Director Lynn Stallings says, "What a privilege it is to work with Jillian Hanes and the stellar cast and crew of The Wiz. They are gonna rock the house!"
tickets are $15 each and are available
online. Tickets are available for $12 each for groups of ten or more.
As the City of Suwanee begins to consider its fiscal year 2013 budget, the City invites residents to send comments and suggestions by April 23 to email@example.com. The budget for fiscal year 2013, which begins July 1, is expected to be adopted at the June 26 City Council meeting.
"We want to implement a mechanism that allows citizens to offer input on the upcoming budget earlier in the planning process," says City Manager Marty Allen. "We want to ensure that citizens' concerns, ideas, and priorities are considered through this process."
Suwanee's fiscal year 2012 budget is approximately $11.8 million with a millage rate of 5.65. FY2012 general operating budget funds were allocated as follows (click here to see pie chart):
Approaching the seventh anniversary of its opening, The Good Samaritan Health Center of Gwinnett, a non-profit organization, expects to deliver more than 6,000 medical appointments in 2012. Opening its doors in Lawrenceville in June 2005, the goal of the Center is to provide primary, non-urgent health care services to the uninsured poor of Gwinnett County and surrounding areas. A faith-based organization staffed almost entirely by volunteers, the Center strives to meet the physical and spiritual needs of its patients. Gwinnett County is home to more than 180,000 uninsured people.
Gregory E. Lang, executive director, says: "We logged just over 1,400 appointments in the first quarter. The need for our services is clear, and I'm pleased to work with a group of volunteers so willing to respond to the call."
During 2011, the Center was initially open only two days per week and then eventually three days. Since January the Center has been open five days per week, offering medical service four days and counseling services on the fifth day. "We are currently supported by the efforts of 38 active medical volunteers and countless para-professional volunteers," Lang says. "We have not had to reduce our new schedule by even one hour because of a volunteer shortage." The Center sees patients by appointment, but often accepts walk-ins. It is located at 3700 Club Drive in Lawrenceville.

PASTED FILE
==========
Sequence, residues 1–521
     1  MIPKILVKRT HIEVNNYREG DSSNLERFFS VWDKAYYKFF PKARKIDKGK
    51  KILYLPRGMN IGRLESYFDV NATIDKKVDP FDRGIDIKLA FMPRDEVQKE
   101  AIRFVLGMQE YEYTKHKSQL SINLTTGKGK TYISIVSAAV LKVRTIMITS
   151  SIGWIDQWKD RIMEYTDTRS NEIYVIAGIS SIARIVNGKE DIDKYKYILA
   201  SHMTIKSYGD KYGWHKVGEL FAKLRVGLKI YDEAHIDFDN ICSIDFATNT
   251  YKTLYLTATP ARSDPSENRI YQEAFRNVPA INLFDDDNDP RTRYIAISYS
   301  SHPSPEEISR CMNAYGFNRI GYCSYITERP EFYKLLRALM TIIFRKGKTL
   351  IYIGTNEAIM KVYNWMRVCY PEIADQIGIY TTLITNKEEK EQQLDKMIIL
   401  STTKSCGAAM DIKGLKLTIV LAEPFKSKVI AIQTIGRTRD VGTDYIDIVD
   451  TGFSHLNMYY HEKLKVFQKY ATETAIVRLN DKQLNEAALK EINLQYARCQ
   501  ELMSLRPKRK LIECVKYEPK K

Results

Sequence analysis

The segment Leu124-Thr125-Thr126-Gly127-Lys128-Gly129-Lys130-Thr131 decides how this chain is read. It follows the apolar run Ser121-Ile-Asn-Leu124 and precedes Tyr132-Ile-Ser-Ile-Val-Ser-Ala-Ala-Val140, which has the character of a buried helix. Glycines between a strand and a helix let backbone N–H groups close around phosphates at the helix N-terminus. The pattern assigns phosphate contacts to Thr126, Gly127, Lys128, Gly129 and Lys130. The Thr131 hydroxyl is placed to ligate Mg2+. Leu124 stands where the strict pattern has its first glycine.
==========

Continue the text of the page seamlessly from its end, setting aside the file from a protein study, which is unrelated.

Typically, the uninsured have few choices when in need of on-going medical care. Going to the emergency room for treatment of non-emergent services is financially overwhelming, and although many physicians discount their fees for the uninsured, the fee must still be sufficient to fund a payroll. "We are not a free clinic," Lang explains, "but we are able to offer very low flat fees thanks to the thousands of hours of professional labor donated to us." Last year the Center received nearly 5,000 volunteer hours valued at $205,000.
Yet, the Center faces staffing challenges. Although volunteers may serve for an extended time, they eventually move on to other commitments. "It often takes four to six people to fill one full-time roll," Lang says. The Center specifically needs physician and nurse practitioner volunteers, as well as bilingual individuals willing to translate medical terminology for its large number of Latino patients. Lang also works with physicians who cannot see patients at the Center but who wish to volunteer services in their own offices.
In spite of its operational success, a second, more threatening, challenge looms on the near horizon. The non-profit's mortgage comes due in less than a year, and the downturn in the real estate market has hurt the Center in the same way as it has hurt many others - its Club Drive property is no longer worth as much as is owed on it. "We need to raise $150,000 in the next ten months so that we might successfully refinance our mortgage," Lang says. "We provide an invaluable service to the community and I believe that is recognized by many; I'm sure we will somehow become able to settle this debt."
The coastal and offshore waters of Georgia provide a tremendous and varied resource. The continental shelf off Georgia is about 80 miles wide and is the widest in the South Atlantic Bight, which extends from Cape Canaveral, Fla., to Cape Hatteras, N.C. The Gulf Stream marks the eastern boundary of the shelf.
With respect to natural resources, commercially important fishes such as snapper and grouper collect along bottom reefs throughout the middle of the shelf waters. Numerous commercial and recreational migratory fish also pass through these waters seasonally, including Spanish mackerel, king mackerel, cobia, wahoo, and dolphin fish. Several migratory species are known to spawn in the offshore waters, often near the Gulf Stream: these include menhaden, bluefish, mackerel, and squid. On the inner shelf the shrimp fishery provides a large fraction of the total value of the seafood industry.
The offshore waters are also the migratory routes of several species of marine turtles, which nest on Georgia beaches; several of these species are threatened throughout their ranges, so the hatching success on Georgia beaches is critical. The extremely endangered North Atlantic right whale, currently thought to number less than 350, uses the shelf waters off Georgia and northeastern Florida during winter as its calving grounds.
Because of the value of the offshore natural resources, scientific research in the coastal and offshore waters of Georgia has been conducted since the 1970s.